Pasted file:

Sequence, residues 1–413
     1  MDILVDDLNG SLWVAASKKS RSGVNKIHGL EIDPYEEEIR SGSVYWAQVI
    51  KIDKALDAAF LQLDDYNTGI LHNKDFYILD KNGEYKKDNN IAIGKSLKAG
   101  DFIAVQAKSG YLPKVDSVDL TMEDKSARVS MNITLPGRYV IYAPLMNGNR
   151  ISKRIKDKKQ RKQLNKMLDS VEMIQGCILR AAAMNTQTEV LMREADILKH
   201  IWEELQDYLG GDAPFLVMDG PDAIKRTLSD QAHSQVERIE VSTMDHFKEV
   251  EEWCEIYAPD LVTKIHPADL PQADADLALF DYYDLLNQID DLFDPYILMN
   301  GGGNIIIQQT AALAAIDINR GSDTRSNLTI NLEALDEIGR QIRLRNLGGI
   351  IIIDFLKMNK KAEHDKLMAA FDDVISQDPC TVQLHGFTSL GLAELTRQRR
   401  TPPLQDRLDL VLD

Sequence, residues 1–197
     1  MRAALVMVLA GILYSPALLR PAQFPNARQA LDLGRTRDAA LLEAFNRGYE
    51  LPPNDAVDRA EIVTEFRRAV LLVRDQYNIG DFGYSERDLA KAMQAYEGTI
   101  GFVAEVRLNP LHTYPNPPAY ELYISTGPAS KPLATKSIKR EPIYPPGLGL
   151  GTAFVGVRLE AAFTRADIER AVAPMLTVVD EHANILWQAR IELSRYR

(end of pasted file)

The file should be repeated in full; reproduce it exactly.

Sequence, residues 1–413
     1  MDILVDDLNG SLWVAASKKS RSGVNKIHGL EIDPYEEEIR SGSVYWAQVI
    51  KIDKALDAAF LQLDDYNTGI LHNKDFYILD KNGEYKKDNN IAIGKSLKAG
   101  DFIAVQAKSG YLPKVDSVDL TMEDKSARVS MNITLPGRYV IYAPLMNGNR
   151  ISKRIKDKKQ RKQLNKMLDS VEMIQGCILR AAAMNTQTEV LMREADILKH
   201  IWEELQDYLG GDAPFLVMDG PDAIKRTLSD QAHSQVERIE VSTMDHFKEV
   251  EEWCEIYAPD LVTKIHPADL PQADADLALF DYYDLLNQID DLFDPYILMN
   301  GGGNIIIQQT AALAAIDINR GSDTRSNLTI NLEALDEIGR QIRLRNLGGI
   351  IIIDFLKMNK KAEHDKLMAA FDDVISQDPC TVQLHGFTSL GLAELTRQRR
   401  TPPLQDRLDL VLD

Sequence, residues 1–197
     1  MRAALVMVLA GILYSPALLR PAQFPNARQA LDLGRTRDAA LLEAFNRGYE
    51  LPPNDAVDRA EIVTEFRRAV LLVRDQYNIG DFGYSERDLA KAMQAYEGTI
   101  GFVAEVRLNP LHTYPNPPAY ELYISTGPAS KPLATKSIKR EPIYPPGLGL
   151  GTAFVGVRLE AAFTRADIER AVAPMLTVVD EHANILWQAR IELSRYR